Join 500,000+ artists on ConceptArt.Org.
Its' free and it takes less than 10 seconds!
I am wondering which drawing equipment I should buy for sketchbook usage (or general learning). Any recommendations ?
Doesn't really matter if you don't have a specific goal in mind. I was only using BIC mechanical pencils until a month or two ago, and I still break them out when I don't feel like carrying a bunch of pencils around. As long as it makes a mark, you're good.
Check out my sketchbook! Socially acceptable opportunity to yell at a teenage girl!
Get a box cutter/knife so you can sharpen pencils to get a nice point/wedge! Have a folder you can stuff with printer paper. Get some kneaded erasers and wooden pencils(4B, 2B, B, HB). You'll be set with that for a while(this is all I ever really use).
for a class I need this equipment:
STAEDTLER pigment liner,
warm grays Sharpie Water-Based Paint Marker Fine, or white gel pen Toned paper, heavy weight
However, I do not know "which" markers/pigment liners and if there are alternatives for them.
I use Pentel's pocket brush pen along with a grey pen and I adore it. I sometimes doodle in ballpoint pen and then use the brush pen to add shadow. It doesn't go through the thin pages of my sketchbook and after a few days of practice to get the hang of it it's significantly improved my ability to use a brush outside my sketchbook too.
Otherwise, you will have to experiment. Personally I use H or 2H pencils and a variety of pigment pens and brush pens, because soft pencils smear like crazy when you shut the sketchbook. I also have a watercolour sketchbook, for use with watercolours and ink washes.
thanks for the advice, both of you
Will be ordering the Pentel Pocket Brush for sure. I am still not sure which markers to get though..
Your sketchbook is a place for study AND experimentation. It's where you make notes when that ghost of an image passes through your mind. It's where you jot down ideas that you had in the middle of the night. It's where you make scribbles of people on the bus, or that pretty girl sitting two tables away in the restaurant. It's where you try out things you haven't done before and aren't sure will work- ideas or techniques or mediums.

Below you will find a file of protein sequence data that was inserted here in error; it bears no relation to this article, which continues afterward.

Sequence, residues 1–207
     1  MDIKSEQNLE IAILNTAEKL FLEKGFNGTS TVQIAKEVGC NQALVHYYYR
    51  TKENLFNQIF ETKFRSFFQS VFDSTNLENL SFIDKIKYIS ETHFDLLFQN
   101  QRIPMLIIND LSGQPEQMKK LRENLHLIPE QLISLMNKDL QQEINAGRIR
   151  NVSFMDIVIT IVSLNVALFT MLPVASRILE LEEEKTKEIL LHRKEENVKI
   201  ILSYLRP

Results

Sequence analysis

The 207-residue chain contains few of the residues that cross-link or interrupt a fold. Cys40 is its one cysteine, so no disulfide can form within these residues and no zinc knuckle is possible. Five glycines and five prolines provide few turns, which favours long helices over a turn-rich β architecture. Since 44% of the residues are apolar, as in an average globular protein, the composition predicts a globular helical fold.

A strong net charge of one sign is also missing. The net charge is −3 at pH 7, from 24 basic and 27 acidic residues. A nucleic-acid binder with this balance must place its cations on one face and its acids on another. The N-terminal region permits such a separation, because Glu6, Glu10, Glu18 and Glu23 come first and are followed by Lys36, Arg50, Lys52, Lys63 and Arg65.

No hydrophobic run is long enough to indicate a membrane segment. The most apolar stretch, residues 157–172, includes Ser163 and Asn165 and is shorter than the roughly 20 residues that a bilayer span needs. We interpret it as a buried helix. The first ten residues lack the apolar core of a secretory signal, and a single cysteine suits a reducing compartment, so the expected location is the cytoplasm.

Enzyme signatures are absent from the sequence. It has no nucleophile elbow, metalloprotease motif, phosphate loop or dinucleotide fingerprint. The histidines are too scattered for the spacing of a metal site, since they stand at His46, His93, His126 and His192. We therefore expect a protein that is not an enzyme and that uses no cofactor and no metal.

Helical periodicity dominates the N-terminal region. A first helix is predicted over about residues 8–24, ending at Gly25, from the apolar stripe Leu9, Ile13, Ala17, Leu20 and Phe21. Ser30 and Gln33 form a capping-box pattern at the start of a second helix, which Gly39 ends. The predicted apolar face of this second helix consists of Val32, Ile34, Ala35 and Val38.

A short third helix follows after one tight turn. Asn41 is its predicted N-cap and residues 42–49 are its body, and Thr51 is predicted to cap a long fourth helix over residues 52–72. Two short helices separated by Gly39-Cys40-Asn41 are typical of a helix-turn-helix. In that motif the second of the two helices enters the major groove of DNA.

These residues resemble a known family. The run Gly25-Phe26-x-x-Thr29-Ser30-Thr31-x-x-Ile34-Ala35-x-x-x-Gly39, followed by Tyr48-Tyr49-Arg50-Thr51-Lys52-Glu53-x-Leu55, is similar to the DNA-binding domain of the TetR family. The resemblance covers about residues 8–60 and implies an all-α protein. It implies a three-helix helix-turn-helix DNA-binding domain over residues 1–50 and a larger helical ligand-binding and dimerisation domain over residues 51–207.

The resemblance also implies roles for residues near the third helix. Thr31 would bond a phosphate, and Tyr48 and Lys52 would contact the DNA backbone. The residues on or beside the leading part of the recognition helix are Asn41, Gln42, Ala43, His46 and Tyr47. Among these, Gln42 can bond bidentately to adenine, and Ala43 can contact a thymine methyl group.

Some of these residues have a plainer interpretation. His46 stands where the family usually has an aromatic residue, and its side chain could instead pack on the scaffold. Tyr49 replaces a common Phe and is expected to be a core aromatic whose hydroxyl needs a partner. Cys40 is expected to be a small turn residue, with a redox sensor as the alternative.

What I'm trying to say is- don't get hung up on what you use in your sketchbooks. Use everything. I've seen sketchbooks with graphite, marker, ink, acrylics, oil washes, and freaking crayons. You'll need that freedom just to escape the monotony now and then, because your study (and later, work) don't give you as much room to explore.
good point Sidharth !
Hi guys, just wondering, but is there such a thing as a opaque white marker? Basically a fineliner / pen (not those big thick ones) but produces opaque white ink.
The ones I've been seeing so far are all translucent markers. I'm looking for the one Peter Han uses in one of his CGMW videos where he uses grey markers and a white ink pen on a toned sketchbook.
Would appreciate if anyone can throw up any names or brands here.
Amateur Artist. Professional Asshole.
Lookit the Pretty!
Rule #1 of depicting soldiers: KEEP THE DAMN FINGER OFF THE DAMN TRIGGER.
For learning try out any pen/pencil/marker. If you have pens at home use these, if your not satisfied go buy a different kind. Don't spend too much money on it, you might find something that's cheap but will serve the purpose. Only con I noticed on cheap fine-liners is that they aren't suitable for water coloring.
You can use anything. My professor drew on butcher paper when he was a student, in the art of animal character design by David Colman. He did character design drawings on plain writing paper with pencil and pen.
I use the 0.05 of these things: http://www.bristolfineart.co.uk/cpim...oom/pin001.jpg
And some varieties of these : http://www.tahtakalehobi.com/images/...g-pen-px-6.jpg
And of course some pencils, usually faber.
I also suggest going for cheaper stuff. Cheap but good stuff.
I use the Pilot V7 & V5 Techpoint but replaced the ink with waterproof ink so that I can apply washes. They are technical pens which gives consistent lines. The metal tip makes it last for a long time. It's made to be disposable, I've been using mine for more than a year.
I would highly recommend trying out the Derwent Graphitone. They are watersoluble graphite and great for practicing with tonal work. One pencil is only $2 and last a long time.
Full review here:
For markers, I use Copic markers but I only have grays, and warm grays. Buy the refills for them so that it's cheaper in the long run. Don't go for too many colours. If you want to have many colours, try watercolour sets.
Here's a recent marker sketch I did:
Parka Blogs <- Most dangerous blog for artists (and their wallets).